Holmes squawked and rubbed against my head. I smiled. It is strange how acute a perception of emotion Petpets possess. It is almost as if they can read your thoughts.

     "I'm sorry, Holmes," I apologized, "of course I'm not alone. I know I'm safe with you."

     The Whoot inflated his lungs and ruffled his feathers, making himself appear nearly twice his actual size--that's when it happened. Someone collided with me from behind, knocking the Neopoints from my wings, the Whoot from my shoulder, the air from my lungs, and me from an upright position.

     Feet scuffled around me as my assailant gathered up the bags of money. I raised myself off the dirt just in time to see a figure, clad in black from head to foot, take to their heels. The figure was tall, stalwart, and winged. To all appearances, Vestan Telvar; but appearances are, I knew, occasionally deceiving.

     "You'll not get away from me that easily!" I exclaimed, taking wing. In more than one sense of the word I flew after the thief at top speed.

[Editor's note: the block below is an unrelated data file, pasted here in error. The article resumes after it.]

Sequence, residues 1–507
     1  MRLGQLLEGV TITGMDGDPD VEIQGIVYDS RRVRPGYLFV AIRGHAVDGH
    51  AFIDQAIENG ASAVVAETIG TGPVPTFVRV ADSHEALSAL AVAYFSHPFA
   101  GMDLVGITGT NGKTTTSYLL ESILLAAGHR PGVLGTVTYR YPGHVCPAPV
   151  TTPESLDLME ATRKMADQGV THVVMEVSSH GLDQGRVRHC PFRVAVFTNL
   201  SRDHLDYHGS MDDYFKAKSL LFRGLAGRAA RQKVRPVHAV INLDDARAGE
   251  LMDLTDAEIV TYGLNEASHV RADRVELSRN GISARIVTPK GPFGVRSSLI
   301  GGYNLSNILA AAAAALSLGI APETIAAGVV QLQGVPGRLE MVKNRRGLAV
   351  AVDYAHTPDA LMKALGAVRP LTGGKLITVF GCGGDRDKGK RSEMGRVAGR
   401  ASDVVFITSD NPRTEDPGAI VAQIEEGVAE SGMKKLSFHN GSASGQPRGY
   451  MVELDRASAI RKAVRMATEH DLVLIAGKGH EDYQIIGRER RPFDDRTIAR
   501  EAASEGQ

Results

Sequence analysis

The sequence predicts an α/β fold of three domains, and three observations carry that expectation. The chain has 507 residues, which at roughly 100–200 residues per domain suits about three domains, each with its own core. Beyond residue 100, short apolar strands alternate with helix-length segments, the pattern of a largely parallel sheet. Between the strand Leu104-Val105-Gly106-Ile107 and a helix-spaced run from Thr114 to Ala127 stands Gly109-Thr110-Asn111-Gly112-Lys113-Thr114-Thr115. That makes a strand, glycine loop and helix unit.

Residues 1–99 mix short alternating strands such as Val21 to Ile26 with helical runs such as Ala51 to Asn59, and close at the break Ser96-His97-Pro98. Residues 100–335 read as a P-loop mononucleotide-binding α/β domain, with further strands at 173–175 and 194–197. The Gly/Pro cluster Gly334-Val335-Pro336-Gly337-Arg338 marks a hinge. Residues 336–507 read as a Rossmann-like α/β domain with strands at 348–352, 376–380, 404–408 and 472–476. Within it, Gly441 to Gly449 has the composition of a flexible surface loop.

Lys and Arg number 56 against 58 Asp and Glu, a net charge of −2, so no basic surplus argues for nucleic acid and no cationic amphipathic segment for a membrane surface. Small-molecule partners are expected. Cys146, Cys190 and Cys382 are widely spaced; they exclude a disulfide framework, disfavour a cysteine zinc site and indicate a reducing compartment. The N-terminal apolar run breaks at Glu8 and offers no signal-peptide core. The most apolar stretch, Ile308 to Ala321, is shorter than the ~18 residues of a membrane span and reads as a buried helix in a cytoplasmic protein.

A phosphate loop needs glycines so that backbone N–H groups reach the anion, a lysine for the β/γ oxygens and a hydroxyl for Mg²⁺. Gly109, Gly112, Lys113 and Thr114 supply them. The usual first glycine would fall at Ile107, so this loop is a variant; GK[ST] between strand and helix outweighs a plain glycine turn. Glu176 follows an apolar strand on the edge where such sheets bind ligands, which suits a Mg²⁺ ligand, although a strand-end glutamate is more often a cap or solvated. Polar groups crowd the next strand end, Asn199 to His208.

However, this Neopet had long, powerful legs. Even by air I could not match his speed. The longer I pursued the greater the distance grew; finally, I accepted defeat. Panting, I landed and collapsed to the ground. Moments later I felt feathers against my scales.

     "Holmes," I muttered, "they got away. It was the abductor, I'm sure of it."

     The Whoot rubbed against me sympathetically, and I hugged him. As soon as I had caught my breath, we flew together back to our clients' dwelling.

     "The Neopoints were stolen," I announced cheerfully as I entered. Holmes squawked.

     Angeline gasped. Reginald leapt to his feet. "But--what of Elgin?" the latter exclaimed.

     I shrugged. "Alas, that I cannot answer. Not yet. But I will know soon where Elgin is and who took him."

     Reginald sat down slowly. "Good. My goodness, I hope he is all right."

     "This whole ordeal," Angeline said, putting her face in her paws. "It is too horrible--too horrible!"

     As her brother comforted her, I silently took my leave. I had no business amidst their sorrow. My business was to resolve it.

     "Now then, Holmes, there is naught left to do but solve this case. I have three suspects: Sir Vestan, Sir Reginald, and Miss Angeline. There are reasons for and against all of them. The question we must now ask ourselves is: 'Which of them is the criminal?' "

To be continued...

In case you were wondering, Spottedleaf_789 can be found on my side account, Thunderclan_tomcat.

     Thank you for reading! I hope you have enjoyed the median part of my story. Any comments, compliments and especially constructive criticisms, are welcome. Please join us next week for the conclusion!